Jewface & Borat

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Yesterday, my friend Rabbi Eliyahu Stern over at Beliefnet contrasted the new Borat movie with another recent cultural production highlighted by the New York Times last weekend: Jewface, an album of early 20th century songs that both mock and celebrate Jewish stereotypes (songs like Irving Berlin’s 1916 ditty “Cohen Owes Me Ninety-Seven Dollars”).

Stern wrote: “Unlike Borat, here it is actuall [sic] Jews embracing and promoting the worst Jewish stereotypes. Unlike the Borat effect, ‘Jewface’ does not mock anti-Semitic sterotypes; it celebrates them and says yeh, there is some truth here.”

While I don’t know that much about Jewface, my instincts about it were quite different, which inspired an email exchange with Rabbi Stern about Jewface and Borat — and the nature of art — that I reprint here for your reading pleasure:

Daniel Septimus wrote:
i totally disagree with you about jewface (i read your post). is there no value in exploring the ways we’ve perceived ourselves in the past? and is it not more interesting if we do it through past (kitschy) artistic explorations?

From: eliyahu stern
Sent: Tuesday, October 31, 2006 11:44 AM
To: Daniel Septimus
Subject: RE: Question

regarding the issue of artistic exploration: i think there is good art and bad art. likewise i think there is a good politics and bad politics. Jewface is art that promotes bad politics. the question i have about exploring our past is why these texts why these tracks? what are you trying to do when you are exploring this genre? what is the value? i don’t see how this is in any way redemptive. i don’t believe that art is neutral and that said i don’t see how what this is offering is in any way socially beneficial.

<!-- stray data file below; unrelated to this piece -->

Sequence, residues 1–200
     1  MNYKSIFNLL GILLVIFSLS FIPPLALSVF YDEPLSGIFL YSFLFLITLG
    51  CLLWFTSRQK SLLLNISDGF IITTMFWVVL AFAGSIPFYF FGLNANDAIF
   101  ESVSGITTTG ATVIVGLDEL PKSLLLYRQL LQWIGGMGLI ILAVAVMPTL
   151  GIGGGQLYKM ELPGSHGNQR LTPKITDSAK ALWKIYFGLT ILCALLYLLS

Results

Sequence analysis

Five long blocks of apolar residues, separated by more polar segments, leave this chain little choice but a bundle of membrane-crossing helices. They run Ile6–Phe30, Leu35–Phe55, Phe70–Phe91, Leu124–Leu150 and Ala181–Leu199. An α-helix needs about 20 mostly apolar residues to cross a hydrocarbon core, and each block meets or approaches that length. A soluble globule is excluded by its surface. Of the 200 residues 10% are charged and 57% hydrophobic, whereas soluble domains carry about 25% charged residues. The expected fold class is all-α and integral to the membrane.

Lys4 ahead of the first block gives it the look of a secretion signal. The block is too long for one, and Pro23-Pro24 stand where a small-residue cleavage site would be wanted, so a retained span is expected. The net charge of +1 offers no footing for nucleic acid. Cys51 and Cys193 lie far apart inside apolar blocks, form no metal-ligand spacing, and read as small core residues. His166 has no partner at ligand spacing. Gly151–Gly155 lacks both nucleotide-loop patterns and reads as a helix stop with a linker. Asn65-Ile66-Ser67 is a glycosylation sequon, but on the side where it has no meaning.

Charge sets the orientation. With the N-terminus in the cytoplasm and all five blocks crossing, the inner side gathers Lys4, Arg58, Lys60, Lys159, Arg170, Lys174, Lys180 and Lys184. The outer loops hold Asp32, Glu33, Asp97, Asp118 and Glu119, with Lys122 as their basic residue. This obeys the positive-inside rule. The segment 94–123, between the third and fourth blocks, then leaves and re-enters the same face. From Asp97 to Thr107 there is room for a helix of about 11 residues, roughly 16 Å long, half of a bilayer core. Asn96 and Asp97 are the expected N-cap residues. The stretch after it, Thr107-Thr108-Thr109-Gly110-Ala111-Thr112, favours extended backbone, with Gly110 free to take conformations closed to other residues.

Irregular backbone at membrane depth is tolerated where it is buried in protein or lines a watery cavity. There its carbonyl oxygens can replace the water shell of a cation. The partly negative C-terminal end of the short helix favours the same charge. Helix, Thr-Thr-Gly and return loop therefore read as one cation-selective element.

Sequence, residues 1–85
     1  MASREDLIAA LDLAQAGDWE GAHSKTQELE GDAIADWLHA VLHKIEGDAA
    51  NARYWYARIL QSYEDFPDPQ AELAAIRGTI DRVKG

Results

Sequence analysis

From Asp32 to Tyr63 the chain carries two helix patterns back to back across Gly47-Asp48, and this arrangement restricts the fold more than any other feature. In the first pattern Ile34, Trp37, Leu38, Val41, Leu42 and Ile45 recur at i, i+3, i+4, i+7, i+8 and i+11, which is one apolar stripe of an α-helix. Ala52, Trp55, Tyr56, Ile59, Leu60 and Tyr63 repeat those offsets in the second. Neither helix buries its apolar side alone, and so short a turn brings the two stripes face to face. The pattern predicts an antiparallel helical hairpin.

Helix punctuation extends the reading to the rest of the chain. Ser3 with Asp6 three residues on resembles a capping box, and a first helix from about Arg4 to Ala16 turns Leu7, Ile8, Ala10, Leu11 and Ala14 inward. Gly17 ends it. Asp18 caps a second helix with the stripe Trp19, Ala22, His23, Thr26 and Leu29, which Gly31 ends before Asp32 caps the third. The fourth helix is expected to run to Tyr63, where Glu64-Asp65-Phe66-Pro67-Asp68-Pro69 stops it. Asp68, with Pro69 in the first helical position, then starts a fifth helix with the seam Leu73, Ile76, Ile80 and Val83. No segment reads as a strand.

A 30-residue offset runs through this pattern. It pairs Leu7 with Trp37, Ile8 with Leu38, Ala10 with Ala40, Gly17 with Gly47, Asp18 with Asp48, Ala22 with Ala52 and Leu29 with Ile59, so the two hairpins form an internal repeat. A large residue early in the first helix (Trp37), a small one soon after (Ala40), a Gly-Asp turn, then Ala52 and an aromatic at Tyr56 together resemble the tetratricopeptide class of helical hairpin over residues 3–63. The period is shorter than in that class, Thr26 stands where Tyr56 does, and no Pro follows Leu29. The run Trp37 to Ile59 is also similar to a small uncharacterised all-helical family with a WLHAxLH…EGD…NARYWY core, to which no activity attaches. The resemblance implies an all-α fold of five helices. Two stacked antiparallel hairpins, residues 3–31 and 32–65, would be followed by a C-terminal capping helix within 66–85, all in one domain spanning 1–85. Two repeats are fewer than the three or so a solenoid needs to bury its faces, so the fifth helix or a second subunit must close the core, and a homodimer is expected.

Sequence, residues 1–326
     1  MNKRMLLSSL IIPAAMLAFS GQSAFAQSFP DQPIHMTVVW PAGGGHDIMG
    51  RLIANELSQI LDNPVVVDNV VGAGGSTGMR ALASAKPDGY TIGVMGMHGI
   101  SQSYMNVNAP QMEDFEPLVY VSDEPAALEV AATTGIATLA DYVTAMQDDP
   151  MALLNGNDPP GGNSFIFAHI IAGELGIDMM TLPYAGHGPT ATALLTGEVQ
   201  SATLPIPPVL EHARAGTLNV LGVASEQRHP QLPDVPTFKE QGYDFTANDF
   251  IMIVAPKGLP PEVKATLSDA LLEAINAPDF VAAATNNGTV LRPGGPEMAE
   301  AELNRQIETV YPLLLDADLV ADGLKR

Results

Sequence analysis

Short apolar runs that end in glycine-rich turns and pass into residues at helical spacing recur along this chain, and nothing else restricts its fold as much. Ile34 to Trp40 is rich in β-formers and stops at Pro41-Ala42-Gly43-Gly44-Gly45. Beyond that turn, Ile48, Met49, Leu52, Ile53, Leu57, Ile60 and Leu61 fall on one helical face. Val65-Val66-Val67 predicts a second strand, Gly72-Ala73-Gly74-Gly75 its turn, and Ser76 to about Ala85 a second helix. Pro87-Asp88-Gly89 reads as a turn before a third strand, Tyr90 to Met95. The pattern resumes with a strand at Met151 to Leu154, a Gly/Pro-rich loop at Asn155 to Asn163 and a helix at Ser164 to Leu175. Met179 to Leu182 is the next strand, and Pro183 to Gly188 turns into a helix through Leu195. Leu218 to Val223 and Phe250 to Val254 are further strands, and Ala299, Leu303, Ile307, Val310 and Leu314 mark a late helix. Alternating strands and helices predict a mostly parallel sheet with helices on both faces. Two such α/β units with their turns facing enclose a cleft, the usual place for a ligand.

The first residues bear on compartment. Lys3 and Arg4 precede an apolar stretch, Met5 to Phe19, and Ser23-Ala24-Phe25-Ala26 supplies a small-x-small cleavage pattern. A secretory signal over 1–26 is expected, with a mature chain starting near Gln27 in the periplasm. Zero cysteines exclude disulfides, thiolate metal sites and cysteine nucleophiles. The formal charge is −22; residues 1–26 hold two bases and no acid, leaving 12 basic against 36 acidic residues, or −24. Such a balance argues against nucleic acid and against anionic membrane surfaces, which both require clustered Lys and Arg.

Daniel Septimus wrote:
as for good/bad art: pop culture tells us more about a society than just about anything else. i would say this jewface business, at the very least, has historical value in that it tell us things about how we used to perceive ourselves. but ultimately i also support the artistic experiment of throwing it back into the world to see what will happen. i agree that the politics of art is relevant, but ultimately its goal cannot be political or social. if it those are its goals then it’s propaganda, not art.

From: eliyahu stern
Sent: Tuesday, October 31, 2006 12:21 PM
To: Daniel Septimus
Subject: RE: Question

to me the difference between propaganda and art is only a matter of degree…both have non-neutral intentions and goals. the difference between them is only a matter of the degree to which the work, tract, or piece is open for interpretation (i.e. art) or more interpretatively closed (i.e. propaganda). assuming jewface is art i don’t get it what it’s suppose to be saying. oh how funny we look and behave etc?! there is nothing about those songs that would lead me to see it as a form of critique…critique is always redemptive pointing to something better this is just self mockery, comedy, farce.

Daniel Septimus wrote:
you’re not supposed to totally get what jewface is supposed to be saying! it was created for jews of a completely different era. just like 75 years from now people might see borat and not get the joke. pop culture, particularly humor, is too tied to other aspects of a cultural vocabulary to fully appreciate its resonances. but just because we can’t totally understand what it meant to the people who first consumed it, doesn’t mean it’s not interesting and thought provoking to revisit. additionally: not every piece of art needs to directly be obviously redemptive, just like not every individual human action is always obviously redemptive. both of us would agree that war is sometimes necessary, but that doesn’t mean you can isolate an instance of a wedding party bombed to smithereens and say the war is bad. it’s part of a larger project. just like different arts and different cultural projects are part of a larger project. art should stir the soul and the soul needs to be stirred in all sorts of different ways.

From: eliyahu stern
Sent: Tuesday, October 31, 2006 1:47 PM
To: Daniel Septimus
Subject: RE: Question

ok what’s the larger project?

Daniel Septimus wrote:
for you, it’s redemption. and art can further that by directly advocating socially productive ideas, but more often than not, it furthers this by stirring the soul, provoking us to feel and experience a wider range of things than we’d be able to do in our average, daily lives.

Posted on November 1, 2006

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